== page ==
Last Updated: Friday - 09/24/2010
Week of December 10, 2007
Christmas crèche figurines come from all over the globe
Italian-born priest is chief set designer of his church's nativity scene
Christmas – December 25
By TED FITZGERALD
The crèche is unveiled by the pastor himself at a Christmas Mass.
He welcomes part-time parishioners from all over the world to his modest church and is well-known internationally because of his seamen's ministry. He travels daily to vessels in the port, counselling their crews and at times celebrating the Eucharist on shipboard.
Our Lady Star of the Sea Church is of interest locally for its historic connections. It was built in 1951 when the city's first cathedral, St. Patrick's, was being dismantled after being replaced in 1940 by the new Corpus Christi Cathedral.
The nave and sanctuary from the old cathedral were moved to Corpus Christi Beach as were the altar, windows and statues so that visitors can almost experience attendance at the old diocesan seat 100 years ago.
Cognizant of the milieus of its many sea-faring, part-time parishioners, the re-established church was dedicated to Our Lady Star of the Sea.
Setting up the parish crèche is not a communal affair. Monsignor knows where each piece came from, whether donated or collected by himself from some 20 different countries.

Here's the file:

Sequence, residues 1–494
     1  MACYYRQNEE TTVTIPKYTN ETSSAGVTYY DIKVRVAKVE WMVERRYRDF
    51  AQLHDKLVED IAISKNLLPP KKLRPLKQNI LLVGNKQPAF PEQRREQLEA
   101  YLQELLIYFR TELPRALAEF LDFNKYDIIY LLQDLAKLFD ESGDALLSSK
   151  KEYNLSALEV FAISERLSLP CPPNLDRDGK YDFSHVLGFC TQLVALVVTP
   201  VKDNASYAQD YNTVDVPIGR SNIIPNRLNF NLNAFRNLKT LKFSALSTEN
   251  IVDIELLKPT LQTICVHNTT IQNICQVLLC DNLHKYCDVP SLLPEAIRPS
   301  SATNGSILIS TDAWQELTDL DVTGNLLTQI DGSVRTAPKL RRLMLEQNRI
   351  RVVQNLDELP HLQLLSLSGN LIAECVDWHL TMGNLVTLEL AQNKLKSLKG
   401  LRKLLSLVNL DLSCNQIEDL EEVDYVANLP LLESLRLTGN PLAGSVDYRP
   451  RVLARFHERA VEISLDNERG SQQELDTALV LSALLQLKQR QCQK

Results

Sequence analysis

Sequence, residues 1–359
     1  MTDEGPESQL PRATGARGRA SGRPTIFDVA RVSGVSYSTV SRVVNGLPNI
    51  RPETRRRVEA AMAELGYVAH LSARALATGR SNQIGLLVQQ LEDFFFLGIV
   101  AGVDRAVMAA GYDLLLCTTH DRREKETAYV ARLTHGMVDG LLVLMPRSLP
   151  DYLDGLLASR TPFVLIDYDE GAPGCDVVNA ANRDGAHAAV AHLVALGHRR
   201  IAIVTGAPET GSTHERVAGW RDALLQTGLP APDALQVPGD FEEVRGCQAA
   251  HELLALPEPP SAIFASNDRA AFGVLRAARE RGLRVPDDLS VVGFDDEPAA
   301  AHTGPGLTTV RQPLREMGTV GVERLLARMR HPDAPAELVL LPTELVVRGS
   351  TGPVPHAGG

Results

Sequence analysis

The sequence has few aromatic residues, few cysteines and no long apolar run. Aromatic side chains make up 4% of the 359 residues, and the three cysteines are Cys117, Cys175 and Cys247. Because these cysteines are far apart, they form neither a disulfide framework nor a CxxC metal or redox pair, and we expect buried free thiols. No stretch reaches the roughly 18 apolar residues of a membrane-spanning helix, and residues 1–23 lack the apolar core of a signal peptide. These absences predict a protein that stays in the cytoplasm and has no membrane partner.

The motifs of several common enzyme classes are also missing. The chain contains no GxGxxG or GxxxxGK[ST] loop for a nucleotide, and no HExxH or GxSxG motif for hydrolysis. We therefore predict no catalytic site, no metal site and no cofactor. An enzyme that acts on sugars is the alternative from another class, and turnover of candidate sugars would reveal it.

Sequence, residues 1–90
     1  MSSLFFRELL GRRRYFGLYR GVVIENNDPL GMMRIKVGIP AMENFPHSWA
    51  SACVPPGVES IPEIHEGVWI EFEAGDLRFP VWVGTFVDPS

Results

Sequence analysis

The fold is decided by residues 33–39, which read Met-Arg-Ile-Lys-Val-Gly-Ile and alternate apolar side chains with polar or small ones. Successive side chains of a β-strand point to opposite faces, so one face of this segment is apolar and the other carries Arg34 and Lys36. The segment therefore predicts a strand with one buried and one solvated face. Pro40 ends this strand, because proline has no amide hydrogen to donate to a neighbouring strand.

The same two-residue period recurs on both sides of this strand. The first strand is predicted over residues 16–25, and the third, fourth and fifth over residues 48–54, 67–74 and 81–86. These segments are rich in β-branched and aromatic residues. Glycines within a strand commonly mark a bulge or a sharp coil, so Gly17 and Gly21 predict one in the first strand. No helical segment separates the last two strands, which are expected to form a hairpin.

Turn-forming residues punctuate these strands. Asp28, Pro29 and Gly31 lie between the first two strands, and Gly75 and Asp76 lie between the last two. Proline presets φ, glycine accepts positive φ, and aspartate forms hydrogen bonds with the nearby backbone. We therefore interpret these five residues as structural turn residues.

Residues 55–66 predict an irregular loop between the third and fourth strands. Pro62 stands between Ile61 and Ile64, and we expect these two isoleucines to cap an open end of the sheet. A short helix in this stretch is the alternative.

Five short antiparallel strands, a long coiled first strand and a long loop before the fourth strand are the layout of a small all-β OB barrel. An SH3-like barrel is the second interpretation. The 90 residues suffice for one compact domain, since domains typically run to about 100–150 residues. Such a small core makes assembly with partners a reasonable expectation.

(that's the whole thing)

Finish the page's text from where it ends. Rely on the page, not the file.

All are of a size to accent the focal manger group of Jesus, Mary and Joseph and he knows exactly where each is to be placed. Almost anyone can be in attendance at this scene celebrating the anniversary of the world-changing first Christmas.
The 700 pieces, assembled over 40 years, all face the Holy Family and include, for example, a fisherman, dinosaurs, deer, pigs, an armadillo and many human figures. The crèche is unveiled by the pastor himself at a Christmas Mass.
Today, Our Lady Star of the Sea welcomes a variety of the faithful to daily Masses, seamen, people from area towns who feel attached to the little sanctuary and in season, some of the 100 or so families of Winter Texans who reside at Corpus Christi Beach. In addition to about 150 permanent Catholic families that support this church are other seasonal parishioners, those of other religious persuasions who, attracted to the homely church, become temporarily Winter Catholics.
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